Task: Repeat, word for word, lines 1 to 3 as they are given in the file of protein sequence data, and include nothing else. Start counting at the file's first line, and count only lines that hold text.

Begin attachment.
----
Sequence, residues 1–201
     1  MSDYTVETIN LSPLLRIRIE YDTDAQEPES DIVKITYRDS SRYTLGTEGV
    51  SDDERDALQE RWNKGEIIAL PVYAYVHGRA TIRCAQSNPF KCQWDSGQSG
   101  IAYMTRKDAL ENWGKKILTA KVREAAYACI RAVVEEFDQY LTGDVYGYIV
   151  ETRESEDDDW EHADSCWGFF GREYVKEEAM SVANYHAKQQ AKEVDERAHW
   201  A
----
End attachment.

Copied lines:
Sequence, residues 1–201
     1  MSDYTVETIN LSPLLRIRIE YDTDAQEPES DIVKITYRDS SRYTLGTEGV
    51  SDDERDALQE RWNKGEIIAL PVYAYVHGRA TIRCAQSNPF KCQWDSGQSG